Jeb Bush Calls for ‘New Coalitions of the Willing’ to Back Education Reform in Era of Intense Divisiveness
Bipartisanship is essential to advancing education reform efforts, former Florida governor Jeb Bush said Thursday, even if it’s harder and harder to come by these days.
“Education should not be a partisan issue. There are enough partisan things we can fight over … We need to have broader coalitions, broad left-right coalitions, and that’s been tattered,” Bush said at the annual summit of the Foundation for Excellence in Education, the organization he founded a decade ago.
Education reform, of course, hasn’t been immune from the political divisiveness infecting seemingly every aspect of American society. Progressive and left-leaning advocates and organizations, for instance, have decried President Donald Trump’s policies on immigration and health care, even though they back the administration’s support of charter schools. Reformers on the right have said non-education issues should be left out of the conversation about improving America’s schools.
Any big policy change requires support from people on both sides of the aisle, but cooperation has been supplanted by partisan divide, Bush said.
“My hope is we find new coalitions of the willing to embrace the challenge in a way that will make sure students succeed,” Bush said.
Education is a place where the political fights have to stop. If you think our schools are great or if you think they are failing, we all need to agree that they must get better to prepare the next generation for the tech wave on the horizon. #EIE17
— Jeb Bush (@JebBush) November 30, 2017
Advocates should continue to support good education reform policy, even if they don’t support the messenger, an idea particularly important in state capitols that may not yet be as heavily burdened by party divisiveness as Congress and the White House, Bush argued.
“Keep supporting the policy. Don’t let the contagion that exists in Washington, D.C. … spread into your state capitols. Let’s focus on building policy across the aisle,” he said.
Bush himself was a staunch critic of Trump, his bitter and often-insulting adversary in the 2016 primaries. At the event Thursday, Bush, who was suffering from a cold, joked, “I have high energy, but I’m sick,” a reference to Trump’s frequent jab that Bush was “low-energy.”
Despite their rancor, Bush pushed successfully for Betsy DeVos to be nominated as education secretary. He praised DeVos during his speech at the Nashville summit as “the epitome of a principled reformer who puts kids first.” She was scheduled to speak to the conference later Thursday.
Bush said the country has made remarkable progress on education reform efforts the foundation advocates for — such as charter schools, private school choice programs, early literacy, and A–F school ratings systems — since its creation 10 years ago.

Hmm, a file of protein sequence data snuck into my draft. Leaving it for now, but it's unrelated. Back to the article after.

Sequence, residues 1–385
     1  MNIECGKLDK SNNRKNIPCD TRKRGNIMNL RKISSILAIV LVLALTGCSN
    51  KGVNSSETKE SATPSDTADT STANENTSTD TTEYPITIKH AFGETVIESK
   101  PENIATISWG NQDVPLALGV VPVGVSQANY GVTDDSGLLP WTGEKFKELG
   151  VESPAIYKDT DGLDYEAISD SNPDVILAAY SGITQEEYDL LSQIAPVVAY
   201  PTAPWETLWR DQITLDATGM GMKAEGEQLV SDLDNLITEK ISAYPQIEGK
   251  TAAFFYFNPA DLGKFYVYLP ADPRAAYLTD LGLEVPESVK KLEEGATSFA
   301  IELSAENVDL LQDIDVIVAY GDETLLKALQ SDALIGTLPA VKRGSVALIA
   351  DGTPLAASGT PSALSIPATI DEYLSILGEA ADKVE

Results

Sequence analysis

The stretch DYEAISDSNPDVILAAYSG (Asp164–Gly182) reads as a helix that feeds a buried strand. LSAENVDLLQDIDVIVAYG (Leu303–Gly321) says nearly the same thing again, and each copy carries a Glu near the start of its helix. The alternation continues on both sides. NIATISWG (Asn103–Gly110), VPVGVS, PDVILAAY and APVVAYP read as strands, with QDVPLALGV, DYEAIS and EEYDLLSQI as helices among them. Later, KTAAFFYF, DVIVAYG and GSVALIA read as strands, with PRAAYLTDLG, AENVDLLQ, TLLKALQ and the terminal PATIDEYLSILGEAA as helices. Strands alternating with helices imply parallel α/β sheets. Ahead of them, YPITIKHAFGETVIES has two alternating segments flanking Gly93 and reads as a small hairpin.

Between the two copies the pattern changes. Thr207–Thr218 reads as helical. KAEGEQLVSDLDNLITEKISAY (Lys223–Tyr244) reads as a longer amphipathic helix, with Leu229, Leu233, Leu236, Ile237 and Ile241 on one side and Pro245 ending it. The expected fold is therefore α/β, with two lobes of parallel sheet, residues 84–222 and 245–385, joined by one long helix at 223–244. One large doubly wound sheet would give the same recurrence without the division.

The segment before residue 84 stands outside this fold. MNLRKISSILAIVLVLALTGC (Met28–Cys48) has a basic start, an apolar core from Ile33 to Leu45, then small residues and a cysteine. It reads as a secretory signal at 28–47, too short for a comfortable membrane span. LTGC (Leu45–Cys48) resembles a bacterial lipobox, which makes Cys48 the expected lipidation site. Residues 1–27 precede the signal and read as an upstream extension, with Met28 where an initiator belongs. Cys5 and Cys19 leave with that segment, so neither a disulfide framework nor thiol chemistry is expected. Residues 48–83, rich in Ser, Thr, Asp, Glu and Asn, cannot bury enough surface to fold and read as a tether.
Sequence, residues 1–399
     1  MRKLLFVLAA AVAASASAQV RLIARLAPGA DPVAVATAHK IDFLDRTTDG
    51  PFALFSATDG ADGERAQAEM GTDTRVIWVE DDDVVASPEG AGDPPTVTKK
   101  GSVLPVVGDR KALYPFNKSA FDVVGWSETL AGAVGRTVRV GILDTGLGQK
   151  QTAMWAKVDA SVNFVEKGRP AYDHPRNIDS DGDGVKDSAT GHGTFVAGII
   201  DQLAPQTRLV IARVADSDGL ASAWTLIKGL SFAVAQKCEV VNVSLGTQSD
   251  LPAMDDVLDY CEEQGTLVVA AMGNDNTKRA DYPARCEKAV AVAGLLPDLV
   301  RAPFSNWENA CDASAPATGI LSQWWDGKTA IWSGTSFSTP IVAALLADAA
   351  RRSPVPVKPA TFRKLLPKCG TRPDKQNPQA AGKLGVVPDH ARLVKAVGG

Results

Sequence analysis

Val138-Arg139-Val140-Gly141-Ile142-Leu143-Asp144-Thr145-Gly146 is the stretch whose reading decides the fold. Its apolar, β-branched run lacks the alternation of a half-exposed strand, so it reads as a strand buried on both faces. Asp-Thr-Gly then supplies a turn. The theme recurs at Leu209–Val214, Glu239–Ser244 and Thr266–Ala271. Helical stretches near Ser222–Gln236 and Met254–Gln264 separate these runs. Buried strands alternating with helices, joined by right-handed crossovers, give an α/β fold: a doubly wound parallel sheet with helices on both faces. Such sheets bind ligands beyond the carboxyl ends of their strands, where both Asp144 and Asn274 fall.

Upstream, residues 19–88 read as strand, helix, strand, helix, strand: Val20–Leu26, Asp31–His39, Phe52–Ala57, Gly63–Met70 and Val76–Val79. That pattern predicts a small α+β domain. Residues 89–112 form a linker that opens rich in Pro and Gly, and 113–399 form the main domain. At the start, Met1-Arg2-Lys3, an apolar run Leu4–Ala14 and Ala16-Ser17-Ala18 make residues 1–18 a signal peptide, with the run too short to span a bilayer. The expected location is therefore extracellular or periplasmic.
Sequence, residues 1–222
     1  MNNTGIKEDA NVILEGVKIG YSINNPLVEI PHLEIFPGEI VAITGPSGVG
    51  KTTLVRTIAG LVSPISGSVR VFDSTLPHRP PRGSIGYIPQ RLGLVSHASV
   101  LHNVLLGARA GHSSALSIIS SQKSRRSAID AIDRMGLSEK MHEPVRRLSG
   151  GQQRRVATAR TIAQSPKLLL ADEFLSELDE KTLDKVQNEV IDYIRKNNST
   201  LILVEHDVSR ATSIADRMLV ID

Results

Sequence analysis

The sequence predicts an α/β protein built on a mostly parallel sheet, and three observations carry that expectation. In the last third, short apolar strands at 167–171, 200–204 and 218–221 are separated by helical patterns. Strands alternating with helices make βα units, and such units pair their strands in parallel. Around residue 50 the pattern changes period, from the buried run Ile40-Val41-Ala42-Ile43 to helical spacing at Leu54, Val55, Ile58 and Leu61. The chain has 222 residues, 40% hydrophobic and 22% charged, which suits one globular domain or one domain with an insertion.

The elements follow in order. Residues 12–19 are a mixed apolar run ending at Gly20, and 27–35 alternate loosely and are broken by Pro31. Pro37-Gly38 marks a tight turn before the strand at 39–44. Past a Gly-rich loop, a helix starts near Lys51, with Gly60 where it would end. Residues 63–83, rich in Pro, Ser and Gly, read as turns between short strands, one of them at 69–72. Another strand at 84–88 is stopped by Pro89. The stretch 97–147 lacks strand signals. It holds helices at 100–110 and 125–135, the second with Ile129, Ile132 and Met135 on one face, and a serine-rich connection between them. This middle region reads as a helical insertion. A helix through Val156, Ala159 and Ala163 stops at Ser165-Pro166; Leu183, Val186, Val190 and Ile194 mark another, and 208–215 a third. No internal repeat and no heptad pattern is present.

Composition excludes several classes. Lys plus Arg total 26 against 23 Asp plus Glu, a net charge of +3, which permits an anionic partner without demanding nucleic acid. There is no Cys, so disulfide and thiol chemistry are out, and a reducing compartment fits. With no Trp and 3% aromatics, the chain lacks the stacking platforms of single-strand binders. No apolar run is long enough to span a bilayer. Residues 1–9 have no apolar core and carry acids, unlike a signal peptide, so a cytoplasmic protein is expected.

But supporters shouldn’t be satisfied with the status quo, Bush said.
“Reform fosters reform. The past has proven that success is never final, reform is never finished, and we need to encourage ourselves … to not check the box and say, ‘Well, I got that done, now I can go [do something else]’ … Education reform requires constant attention,” he said.
One area in particular that demands focus is accountability, Bush said. Though he espouses “a total transformation away from the [school] system we have” to one that is completely personalized, test-based accountability remains essential in the interim, he said.
The foundation has long pushed for an A–F grading system for schools, which proponents say allows parents to compare schools more easily and succinctly. States, which this year developed new ratings systems under the federal Every Student Succeeds Act, have taken up a mix of summative ratings, including A–F and number of stars, and broader “dashboards” of data.
As Big ESSA Deadline Arrives, Many States Move Away From Summative Ratings for School Performance
It’s worth highlighting “transparent” accountability systems, Bush said. In a possible reference to California’s multi-hued dashboard, he panned those that use a “kaleidoscope of colors” to rate schools.
Analysis: Why Orange Is the New Red in California — and School Accountability Just Got a Whole Lot Harder to Read
“You have to put a light on that and show that that’s absurd,” he said.
Disclosure: The Walton Family Foundation, Bloomberg Philanthropies, The Eli and Edythe Broad Foundation, the Bill & Melinda Gates Foundation, William E. Simon Foundation, Doris & Donald Fisher Fund, and the Triad Foundation provide funding to The 74 and the Foundation for Excellence in Education.Submit a Letter to the Editor